Life, Post-Torture

The survivors of the U.S torture program bear the scars of a dark chapter of U.S. history.

Figures in orange jumpsuits with black hoods

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“Flashback come. Flashback come many time you know…,” said Suleiman Abdullah Salim to the American Civil Liberties Union (ACLU). A Tanzanian fisherman who is a victim of U.S. sanctioned torture, Mr. Salim was never charged with a crime. He now lives with the lasting effects of his ordeal, including severe depression and post-traumatic stress disorder. He has no access to psychological treatment, but has found solace in caring for pigeons. Suleiman built his pigeon coup with the same specifications as one of his cells.

Torture is a crime against humanity and a war crime. It is defined by the Convention against Torture and Other Cruel, Inhuman or Degrading Treatment or Punishment (CAT) as state-sponsored and intentional infliction of severe pain for the purposes of information gathering, punishment, or intimidation. The CAT definition falls short of the immensity of the practice.

The U.S. did not simply torture some folks. Psychologists James Mitchell and Bruce Jessen were paid $81 million to engineer for the CIA a programmatic and systematic system to break down a person’s humanity in order to achieve “learned helplessness,” a term coined in the 1960s when researchers achieved it in dogs. Human rights lawyer George Annas, Dr. Sondra Crosby and Dr. Michael Grodin, Boston University professors and founders of the NGO Global Lawyers and Physicians, put the number of people detained for questioning by the U.S. at some point around 100,000. An unspecified number of those people were tortured.

Method to the Madness

The U.S. Senate Select Committee on Intelligence released its report on the U.S. torture program in 2014. The report outlined several important points. First, it confirmed that a systematic torture program was in place. Second, the vast majority of victims were never charged with a crime. Third, the report suggested that torture is not effective for producing any viable information. People will say whatever they need to in order to get the torture to stop. Finally and most importantly, the report outlined the torture methods used. Torturers used their methods in combination and consecutively to inflict maximal suffering. Language was arguably the first and most frequently wielded weapon. As the report states, one interrogator told a detainee that he would never escape because: “We can never let the world know what I have done to you.” Interrogators were desensitized to the acts and rationalized committing them through medically euphemized language.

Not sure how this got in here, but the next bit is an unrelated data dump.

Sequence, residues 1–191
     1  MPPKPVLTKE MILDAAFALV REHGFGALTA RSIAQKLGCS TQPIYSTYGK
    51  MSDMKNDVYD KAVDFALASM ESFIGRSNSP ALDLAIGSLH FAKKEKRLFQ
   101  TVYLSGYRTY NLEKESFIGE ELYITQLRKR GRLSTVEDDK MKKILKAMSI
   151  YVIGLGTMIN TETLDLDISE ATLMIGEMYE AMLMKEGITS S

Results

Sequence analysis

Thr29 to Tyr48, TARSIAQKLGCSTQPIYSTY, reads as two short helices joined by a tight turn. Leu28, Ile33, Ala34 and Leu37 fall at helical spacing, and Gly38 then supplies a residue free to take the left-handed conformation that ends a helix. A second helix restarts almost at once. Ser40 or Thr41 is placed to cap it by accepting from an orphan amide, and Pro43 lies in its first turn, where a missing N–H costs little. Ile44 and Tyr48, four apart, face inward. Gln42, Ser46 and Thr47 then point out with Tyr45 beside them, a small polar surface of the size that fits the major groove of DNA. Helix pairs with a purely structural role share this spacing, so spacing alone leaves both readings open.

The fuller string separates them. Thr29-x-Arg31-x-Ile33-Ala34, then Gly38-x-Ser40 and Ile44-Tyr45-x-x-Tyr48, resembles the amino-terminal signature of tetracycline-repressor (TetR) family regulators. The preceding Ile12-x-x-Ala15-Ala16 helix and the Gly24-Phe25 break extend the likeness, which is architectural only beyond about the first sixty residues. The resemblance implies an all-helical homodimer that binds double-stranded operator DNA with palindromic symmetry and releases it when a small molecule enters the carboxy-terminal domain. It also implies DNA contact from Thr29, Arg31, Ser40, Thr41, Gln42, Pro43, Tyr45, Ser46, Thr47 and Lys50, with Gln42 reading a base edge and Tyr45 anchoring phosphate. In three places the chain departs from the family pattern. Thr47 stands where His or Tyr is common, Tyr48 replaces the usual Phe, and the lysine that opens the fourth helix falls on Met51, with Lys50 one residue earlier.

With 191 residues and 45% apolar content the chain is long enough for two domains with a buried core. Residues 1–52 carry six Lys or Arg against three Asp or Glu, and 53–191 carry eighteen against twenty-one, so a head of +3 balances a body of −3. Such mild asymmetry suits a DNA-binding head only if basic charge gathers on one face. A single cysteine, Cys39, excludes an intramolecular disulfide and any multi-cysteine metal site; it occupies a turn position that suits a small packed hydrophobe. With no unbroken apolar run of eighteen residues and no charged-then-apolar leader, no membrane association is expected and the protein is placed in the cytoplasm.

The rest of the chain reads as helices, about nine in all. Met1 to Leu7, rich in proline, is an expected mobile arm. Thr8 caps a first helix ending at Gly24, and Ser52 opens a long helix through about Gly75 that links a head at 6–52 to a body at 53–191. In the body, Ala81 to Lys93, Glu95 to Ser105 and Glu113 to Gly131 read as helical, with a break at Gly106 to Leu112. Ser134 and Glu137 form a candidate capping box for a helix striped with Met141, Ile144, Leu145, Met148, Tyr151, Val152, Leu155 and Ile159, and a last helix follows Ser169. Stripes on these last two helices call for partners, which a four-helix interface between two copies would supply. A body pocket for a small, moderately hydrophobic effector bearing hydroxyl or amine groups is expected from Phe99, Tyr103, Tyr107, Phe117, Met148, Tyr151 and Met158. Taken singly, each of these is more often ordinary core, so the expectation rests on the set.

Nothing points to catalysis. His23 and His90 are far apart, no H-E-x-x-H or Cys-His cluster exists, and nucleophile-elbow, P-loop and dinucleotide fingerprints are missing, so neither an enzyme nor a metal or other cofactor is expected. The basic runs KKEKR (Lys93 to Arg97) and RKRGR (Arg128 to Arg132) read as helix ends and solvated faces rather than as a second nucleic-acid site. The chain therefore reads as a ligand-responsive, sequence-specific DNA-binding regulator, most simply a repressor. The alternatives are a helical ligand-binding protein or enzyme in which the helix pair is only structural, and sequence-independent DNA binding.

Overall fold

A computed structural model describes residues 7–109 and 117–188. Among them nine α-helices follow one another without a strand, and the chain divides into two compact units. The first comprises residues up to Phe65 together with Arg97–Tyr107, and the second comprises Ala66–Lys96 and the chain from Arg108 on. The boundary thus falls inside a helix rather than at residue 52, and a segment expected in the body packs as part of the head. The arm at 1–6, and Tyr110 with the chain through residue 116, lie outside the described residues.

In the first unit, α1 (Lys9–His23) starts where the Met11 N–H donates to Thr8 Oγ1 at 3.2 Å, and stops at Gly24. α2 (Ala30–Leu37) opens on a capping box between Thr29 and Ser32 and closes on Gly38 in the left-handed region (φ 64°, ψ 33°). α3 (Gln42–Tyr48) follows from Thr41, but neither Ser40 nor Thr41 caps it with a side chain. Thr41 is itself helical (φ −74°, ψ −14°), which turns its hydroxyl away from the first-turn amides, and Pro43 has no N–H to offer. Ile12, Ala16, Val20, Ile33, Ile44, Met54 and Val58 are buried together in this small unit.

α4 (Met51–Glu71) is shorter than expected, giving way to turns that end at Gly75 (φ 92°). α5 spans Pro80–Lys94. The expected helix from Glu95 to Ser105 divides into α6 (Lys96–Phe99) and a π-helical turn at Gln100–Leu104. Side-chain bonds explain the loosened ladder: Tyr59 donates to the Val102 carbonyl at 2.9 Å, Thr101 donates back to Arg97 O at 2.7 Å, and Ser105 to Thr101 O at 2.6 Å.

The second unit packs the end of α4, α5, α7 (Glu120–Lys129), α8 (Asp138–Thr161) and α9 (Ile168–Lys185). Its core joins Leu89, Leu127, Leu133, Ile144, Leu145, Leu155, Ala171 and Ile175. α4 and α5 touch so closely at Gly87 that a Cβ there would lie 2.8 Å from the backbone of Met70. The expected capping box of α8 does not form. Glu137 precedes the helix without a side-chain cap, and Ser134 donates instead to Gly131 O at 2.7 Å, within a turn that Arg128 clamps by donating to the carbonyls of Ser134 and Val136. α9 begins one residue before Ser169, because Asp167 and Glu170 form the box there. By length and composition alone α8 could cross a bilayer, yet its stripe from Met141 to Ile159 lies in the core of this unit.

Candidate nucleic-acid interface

Living with Trauma

Williams and Merew describe torture as a practice that targets all facets of a person — the physical, emotional and social. They write in the British Journal of Pain that, “[Post-traumatic stress disorder] is an inadequate description of the magnitude and complexity of the effects of torture.” Torture survivors have “elevated rates of anxiety, depression, and adjustment problems, including outbreaks of anger and violence directed towards family members.” Torture-survivors tend to be socially isolated, impoverished and have trouble finding employment.

“[Post-traumatic stress disorder] is an inadequate description of the magnitude and complexity of the effects of torture.”

Steel, et al., examined the association of torture and mental health outcomes in populations exposed to mass conflict and displacement. They found that in refugees who had PTSD, the strongest associated factor was past torture (Odds ratio (OR): 2.01). This effect was stronger than cumulative exposure to potentially traumatic events (OR: 1.52), time since conflict (OR: 0.77), and assessed level of political terror (OR: 1.60). They stressed that their findings “should…assist health professionals in their efforts to advocate against human rights abuses and the implementation of international treaties prohibiting the use of torture…[and] to highlight the mental health needs of affected populations…”

Policy and Practice

The program has far reaching systemic consequences to the U.S., perhaps most importantly in the realm of national security. The Senate report noted the U.S. standing in the world was badly damaged by instituting a torture program,Twitter creating tensions with allies and costing significant amounts of money because of the extra defense spending that is now needed.

But the survivors of the program bear the scars, and the first-hand proof, of a dark chapter of U.S. history. Moreover, the U.S. is not alone in these practices. Amnesty International exposed the prison torture practices of the Bashar Al-Assad led Syrian government in August of 2016. Currently in Chechnya, the Russian government is torturing and murdering gay men in concentration camps. The UN recently condemned torture of detainees by Afghan police and security forces.

During the opening address for the United States at the Nuremberg Trials in 1945, Robert H. Jackson said: “The wrongs which we seek to condemn and punish have been so calculated, so malignant and so devastating, that civilization cannot tolerate their being ignored because it cannot survive their being repeated.” A healthy, well-functioning society does not torture people.Twitter Policy and practice must reflect that. Yet Trump has explicitly said that he is willing to continue or expand the use of torture, saying that he’ll bring back waterboarding and practices that are “a hell of a lot worse.” This begs the question: What could possibly be worse?

Feature image: Justin Norman, Cleared Shrubs, used under CC BY-NC-ND 2.0/cropped from original